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Spanish speakers tend to use lots of sayings and colloquial expressions when we talk. To make matters more interesting, many of the expressions we use may not mean what you think.
For example, when we say something related to colors, the words we use often lack a clear connection with the ideas we want to communicate.
Let’s get started. Do you know what the difference is between making someone turn green and saying that someone is very green (poner verde a alguien vs. alguien está muy verde)?
Generally speaking, we tend to associate green with things that are good, healthy, pretty, etc. Nature is full of green, and vegetables taste better the greener they are, to name just a few examples. However, oddly enough, the color also has negative connotations. Things that are green are often poisonous, such as snakes and lizards, which play nefarious roles in many stories.
In literature the color green is frequently used to indicate hope, but Federico García Lorca has also used it to symbolize death.
Since it’s difficult to know when green is good and when it’s not, we’ll give you a rundown of these two Spanish expressions so you can learn how to use them in the right context.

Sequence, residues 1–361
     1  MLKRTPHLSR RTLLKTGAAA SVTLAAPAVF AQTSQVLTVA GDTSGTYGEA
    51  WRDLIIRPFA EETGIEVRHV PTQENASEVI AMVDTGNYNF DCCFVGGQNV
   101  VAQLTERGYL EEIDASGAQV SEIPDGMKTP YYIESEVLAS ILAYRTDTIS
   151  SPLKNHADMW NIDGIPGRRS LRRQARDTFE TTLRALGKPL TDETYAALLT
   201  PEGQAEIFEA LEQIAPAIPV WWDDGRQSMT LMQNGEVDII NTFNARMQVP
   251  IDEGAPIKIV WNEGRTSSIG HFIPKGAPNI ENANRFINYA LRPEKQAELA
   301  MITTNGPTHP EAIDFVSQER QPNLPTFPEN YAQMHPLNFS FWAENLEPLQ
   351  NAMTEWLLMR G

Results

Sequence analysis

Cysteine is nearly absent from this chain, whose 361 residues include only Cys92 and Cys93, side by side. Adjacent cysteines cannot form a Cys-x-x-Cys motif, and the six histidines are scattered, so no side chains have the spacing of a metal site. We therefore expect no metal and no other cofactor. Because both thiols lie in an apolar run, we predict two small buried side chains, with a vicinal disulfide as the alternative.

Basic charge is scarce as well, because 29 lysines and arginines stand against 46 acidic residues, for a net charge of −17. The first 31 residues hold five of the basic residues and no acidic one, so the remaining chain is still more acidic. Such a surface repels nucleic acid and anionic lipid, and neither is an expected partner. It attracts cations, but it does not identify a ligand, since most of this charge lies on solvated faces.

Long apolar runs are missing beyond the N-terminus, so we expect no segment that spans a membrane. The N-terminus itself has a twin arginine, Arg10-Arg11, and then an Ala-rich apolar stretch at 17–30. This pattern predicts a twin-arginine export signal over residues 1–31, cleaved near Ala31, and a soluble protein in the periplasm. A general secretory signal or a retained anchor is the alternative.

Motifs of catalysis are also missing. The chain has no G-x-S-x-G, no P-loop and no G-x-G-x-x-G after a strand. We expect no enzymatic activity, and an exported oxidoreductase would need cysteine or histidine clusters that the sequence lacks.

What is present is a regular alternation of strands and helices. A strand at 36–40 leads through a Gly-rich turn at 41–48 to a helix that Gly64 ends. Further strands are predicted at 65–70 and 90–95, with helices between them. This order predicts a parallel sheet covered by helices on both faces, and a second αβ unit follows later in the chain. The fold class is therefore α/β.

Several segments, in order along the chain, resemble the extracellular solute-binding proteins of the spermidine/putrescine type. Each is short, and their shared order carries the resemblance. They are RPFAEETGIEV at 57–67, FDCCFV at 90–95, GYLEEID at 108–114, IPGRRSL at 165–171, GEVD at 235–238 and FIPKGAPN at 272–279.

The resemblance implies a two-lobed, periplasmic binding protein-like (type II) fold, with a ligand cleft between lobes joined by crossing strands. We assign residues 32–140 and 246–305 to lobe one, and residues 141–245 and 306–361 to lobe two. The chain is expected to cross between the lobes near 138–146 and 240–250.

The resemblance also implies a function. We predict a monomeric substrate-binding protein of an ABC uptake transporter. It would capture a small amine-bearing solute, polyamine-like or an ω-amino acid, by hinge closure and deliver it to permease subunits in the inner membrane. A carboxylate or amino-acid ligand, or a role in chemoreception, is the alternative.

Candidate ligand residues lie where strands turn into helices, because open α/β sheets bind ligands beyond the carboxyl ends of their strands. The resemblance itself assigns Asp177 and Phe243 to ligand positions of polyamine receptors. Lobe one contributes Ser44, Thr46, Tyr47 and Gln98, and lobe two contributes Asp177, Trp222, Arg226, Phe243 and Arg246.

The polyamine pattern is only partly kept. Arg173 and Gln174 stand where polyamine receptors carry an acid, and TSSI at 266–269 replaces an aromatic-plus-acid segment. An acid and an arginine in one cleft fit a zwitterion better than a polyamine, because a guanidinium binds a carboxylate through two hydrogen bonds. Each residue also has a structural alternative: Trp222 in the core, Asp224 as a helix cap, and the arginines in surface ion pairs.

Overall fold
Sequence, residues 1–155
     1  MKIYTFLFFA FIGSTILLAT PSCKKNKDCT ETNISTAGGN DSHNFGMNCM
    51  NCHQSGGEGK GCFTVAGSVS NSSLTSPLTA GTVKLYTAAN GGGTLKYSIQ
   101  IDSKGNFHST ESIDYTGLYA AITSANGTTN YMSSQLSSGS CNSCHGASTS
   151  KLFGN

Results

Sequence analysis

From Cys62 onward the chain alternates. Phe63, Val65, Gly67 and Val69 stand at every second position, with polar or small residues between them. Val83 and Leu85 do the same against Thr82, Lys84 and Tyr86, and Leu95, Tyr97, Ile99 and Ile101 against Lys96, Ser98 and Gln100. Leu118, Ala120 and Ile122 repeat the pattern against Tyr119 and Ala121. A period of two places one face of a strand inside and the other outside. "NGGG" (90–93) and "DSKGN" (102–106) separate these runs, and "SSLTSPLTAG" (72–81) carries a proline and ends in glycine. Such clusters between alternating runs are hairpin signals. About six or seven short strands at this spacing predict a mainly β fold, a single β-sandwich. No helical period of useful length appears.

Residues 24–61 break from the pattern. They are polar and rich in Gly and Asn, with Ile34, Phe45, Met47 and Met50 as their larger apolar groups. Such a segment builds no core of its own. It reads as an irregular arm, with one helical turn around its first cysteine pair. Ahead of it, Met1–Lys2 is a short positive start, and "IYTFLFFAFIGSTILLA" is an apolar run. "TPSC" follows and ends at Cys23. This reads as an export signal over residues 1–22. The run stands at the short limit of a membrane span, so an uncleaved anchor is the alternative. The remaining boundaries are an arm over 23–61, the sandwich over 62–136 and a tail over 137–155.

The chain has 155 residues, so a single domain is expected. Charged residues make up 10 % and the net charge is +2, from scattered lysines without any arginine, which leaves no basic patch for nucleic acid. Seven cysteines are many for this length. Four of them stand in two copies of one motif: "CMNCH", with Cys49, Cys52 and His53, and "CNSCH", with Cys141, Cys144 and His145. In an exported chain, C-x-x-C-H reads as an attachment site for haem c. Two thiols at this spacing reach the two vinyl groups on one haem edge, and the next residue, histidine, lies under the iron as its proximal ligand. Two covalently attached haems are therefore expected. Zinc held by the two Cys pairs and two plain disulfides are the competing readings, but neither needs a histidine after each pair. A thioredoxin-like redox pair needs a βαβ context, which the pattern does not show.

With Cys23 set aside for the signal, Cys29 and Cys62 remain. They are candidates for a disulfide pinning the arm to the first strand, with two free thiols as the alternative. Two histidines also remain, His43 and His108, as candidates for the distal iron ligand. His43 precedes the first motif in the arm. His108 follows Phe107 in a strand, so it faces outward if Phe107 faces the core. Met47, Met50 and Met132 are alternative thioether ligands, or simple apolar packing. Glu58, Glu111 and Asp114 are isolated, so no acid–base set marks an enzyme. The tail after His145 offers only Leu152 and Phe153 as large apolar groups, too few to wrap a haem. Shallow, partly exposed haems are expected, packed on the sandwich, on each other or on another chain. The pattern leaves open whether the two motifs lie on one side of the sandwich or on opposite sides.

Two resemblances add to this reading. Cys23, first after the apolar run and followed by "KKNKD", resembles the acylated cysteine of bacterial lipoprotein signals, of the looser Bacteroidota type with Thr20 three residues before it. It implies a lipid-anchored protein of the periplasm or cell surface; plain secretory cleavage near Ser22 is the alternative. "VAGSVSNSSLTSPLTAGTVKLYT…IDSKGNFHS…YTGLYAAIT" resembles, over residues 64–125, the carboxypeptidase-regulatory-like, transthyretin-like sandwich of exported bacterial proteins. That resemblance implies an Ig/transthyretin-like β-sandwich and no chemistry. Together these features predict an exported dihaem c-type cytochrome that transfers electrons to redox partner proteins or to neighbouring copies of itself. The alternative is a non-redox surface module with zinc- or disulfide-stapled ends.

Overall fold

When we make someone turn green (ponemos verde a alguien), we’re not dressing them up in green clothes or painting them with green paint. Not even close! What we’re actually doing is criticizing the person; we’re bad-mouthing or speaking badly about them, usually when they’re not around.
The origins of this expression are unclear. The most popular explanation is that it has to do with bruises.
When someone is hit by something or someone, a bruise usually appears. The bruise is purple at first, but as the days go by, it begins to take on a greenish hue. This explains the metaphorical relationship between physically hitting someone and attacking them verbally.
So, if someone makes you turn green (si alguien te pone verde), it means they’re talking trash about you, usually behind your back.
On the other hand, saying that someone is very green (está muy verde) has nothing to do with making them turn green.
When a piece of fruit hasn’t fully ripened, it often stays green for awhile before taking on its final color. That’s why when we say that a person is still very green (está aún muy verde), it means that the person is immature or lacking experience in some area.
For example, let’s say a person starts a new job. The first few days, the person normally doesn’t know where things are, how things are done, what they have to do, etc. We would say that this person aun está muy verde.
If you want to master more Spanish expressions with colors, pay close attention to the following video and you’ll learn everything you need to know.